Wednesday, December 23, 2009

Did Santa or Hanukkah Harry leave you a puppy

So you have a puppy NOW WHAT!!!

"He won't stop whining."
"She chews everything in sight."
"He won't come when he's called."
"She scares the kids when she jumps and nips."
"He doesn't want to be cuddled."
"She's the cutest puppy, but ..."

There are visions of a furry, kissing, fun and frolicy, playing puppy in our heads when we decide to bring a puppy into the family, but those visions can deteriorate into frustration for those who are unprepared for the potential difficulties of puppy training and adjustment to family life.

Relax. First of all, these days do pass, often with lightning quickness. Second, puppies really are pretty easy to deal with - a couple of square meals, several trips outside, and lots of playtime balanced with lots of sleeping are the general rule for the first few weeks at home.
Socialization is important, but it needn't be a chore.

There's no doubt that the first few weeks with a new puppy can be exasperating. Much like having a newborn human baby. That tiny bundle of fur that was soooo friendly at the breeder's home, the kennel, the pet store, or the animal shelter has some behaviors that drive people crazy.

There's chewing, biting, jumping, and oh yeah, the whining and barking! While all normal for dogs, what matters is that the housetraining go smoothly and relatively quickly, that the nipping of children be held to a minimum, and that chewing on furniture and clothing be stopped or prevented.

It's important to remember that puppies are always learning about their environment and their people. Most puppies are housetrained by four months of age, but it may take supreme diligence on the part of owners to prevent accidents until that time.

The first 16 weeks of a puppy's life are critical in determining how he/she will fit into the family. Early socialization is important from the day you get the puppy home. Your puppy needs to experience the world to be sure they become the dog you dream of. All socialization experiences should be fun, positive and a memorable experience for your young dog. This is best done with treats. For example, when your pup meets new people, have the pup sit and then you give a treat for good manners. Food is a great memory maker for dogs.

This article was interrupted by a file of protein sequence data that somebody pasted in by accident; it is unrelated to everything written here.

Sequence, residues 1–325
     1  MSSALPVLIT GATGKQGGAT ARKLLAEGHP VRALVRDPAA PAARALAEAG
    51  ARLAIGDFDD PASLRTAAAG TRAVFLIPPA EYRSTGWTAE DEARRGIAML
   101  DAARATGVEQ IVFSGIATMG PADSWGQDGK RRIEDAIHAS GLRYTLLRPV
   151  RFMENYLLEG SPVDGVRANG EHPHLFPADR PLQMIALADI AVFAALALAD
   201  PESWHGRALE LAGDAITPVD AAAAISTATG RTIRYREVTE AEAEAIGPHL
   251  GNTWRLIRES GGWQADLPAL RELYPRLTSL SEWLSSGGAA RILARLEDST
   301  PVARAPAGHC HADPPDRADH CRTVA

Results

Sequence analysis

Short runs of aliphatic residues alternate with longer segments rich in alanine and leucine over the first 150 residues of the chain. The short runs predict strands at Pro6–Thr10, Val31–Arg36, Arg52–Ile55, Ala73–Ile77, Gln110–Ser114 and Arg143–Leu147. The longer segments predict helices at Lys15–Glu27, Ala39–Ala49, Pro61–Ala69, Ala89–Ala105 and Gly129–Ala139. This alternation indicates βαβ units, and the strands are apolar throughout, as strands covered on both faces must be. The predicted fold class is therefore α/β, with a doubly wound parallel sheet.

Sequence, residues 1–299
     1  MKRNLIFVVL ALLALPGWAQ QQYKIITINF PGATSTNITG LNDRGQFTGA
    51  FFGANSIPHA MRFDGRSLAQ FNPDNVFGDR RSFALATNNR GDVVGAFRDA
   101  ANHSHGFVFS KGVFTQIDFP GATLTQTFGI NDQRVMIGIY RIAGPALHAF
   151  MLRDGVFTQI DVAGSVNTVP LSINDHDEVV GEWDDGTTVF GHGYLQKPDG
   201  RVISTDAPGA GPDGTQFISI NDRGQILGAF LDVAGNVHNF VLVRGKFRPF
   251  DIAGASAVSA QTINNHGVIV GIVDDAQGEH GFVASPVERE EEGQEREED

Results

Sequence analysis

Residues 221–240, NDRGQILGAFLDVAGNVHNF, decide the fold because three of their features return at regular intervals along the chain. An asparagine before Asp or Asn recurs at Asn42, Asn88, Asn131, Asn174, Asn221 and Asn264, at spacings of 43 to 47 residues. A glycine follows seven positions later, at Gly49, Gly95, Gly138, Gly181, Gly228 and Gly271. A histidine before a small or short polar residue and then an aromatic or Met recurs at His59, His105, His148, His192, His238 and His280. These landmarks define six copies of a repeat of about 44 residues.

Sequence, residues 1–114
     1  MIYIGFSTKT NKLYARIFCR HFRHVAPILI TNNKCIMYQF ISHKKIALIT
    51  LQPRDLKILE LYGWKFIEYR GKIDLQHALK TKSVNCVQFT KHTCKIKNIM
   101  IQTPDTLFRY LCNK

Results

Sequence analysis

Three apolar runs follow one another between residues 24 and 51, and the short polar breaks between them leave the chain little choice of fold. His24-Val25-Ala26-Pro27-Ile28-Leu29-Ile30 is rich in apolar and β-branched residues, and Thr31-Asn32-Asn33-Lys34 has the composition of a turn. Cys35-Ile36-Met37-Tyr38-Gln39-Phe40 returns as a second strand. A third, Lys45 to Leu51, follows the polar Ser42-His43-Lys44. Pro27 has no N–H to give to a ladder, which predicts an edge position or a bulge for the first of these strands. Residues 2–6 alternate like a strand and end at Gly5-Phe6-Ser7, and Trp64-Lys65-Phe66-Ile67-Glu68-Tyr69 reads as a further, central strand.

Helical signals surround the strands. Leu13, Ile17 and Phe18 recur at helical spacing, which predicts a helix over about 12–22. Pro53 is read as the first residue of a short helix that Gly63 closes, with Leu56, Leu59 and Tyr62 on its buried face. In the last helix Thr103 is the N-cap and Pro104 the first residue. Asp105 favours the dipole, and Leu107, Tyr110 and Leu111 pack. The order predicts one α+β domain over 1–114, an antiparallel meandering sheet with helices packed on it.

Fun is the key

Puppy training and socialization should be fun for both owner and dog. Puppies can be taught to sit, lie down, and come for rewards. Even eight-week-old puppies can sit for their dinner or treats and lie down to be groomed. Puppies that resist can be taught with persistence and consistency on the part of all family members. It does no good if Mom requires puppy to sit before meals if Dad doesn't follow through or if Susie slips Fluffy a bit of bacon from her breakfast plate.

Puppies and holidays …

• be sure to provide him/her with a crate to serve as a safe place. It should be away from any hustle and bustle and food temptations.

• stick to puppy food for the newcomer; table food, especially rich table food, is likely to upset his/her stomach.

• keep him away from the Christmas tree or other holiday items so he/she can't break or steal ornaments, burn his nose on the lights, nibble on garlands, or tear through gift packages.

• make sure he/she gets outside to relieve himself in a timely fashion. Set an alarm if you need a reminder. Remember a puppy can hold their bladder for 1 hour for each month of age. (i.e. 8 weeks old (2 months) can hold it for 2 hours)

• keep house plants out of reach
• don't leave perishables on the coffee table.
• don't let him/her get over-excited.
• don't let over-excited children give him grief.


  1. I recently came across your blog and have been reading along. I thought I would leave my first comment. I don't know what to say except that I have enjoyed reading. Nice blog. I will keep visiting this blog very often.



Leading the Way offers doggie daycare and all types of training, including private, group classes and a residential training program. Behavior assessment and modification is done using ONLY positive methods focused on shaping behavior.

We have over 25 years of professional experience, dedicated to enhancing the relationship of both ends of the leash, through knowledge, compassion, and building long term relationships with our clients, both two and four legged.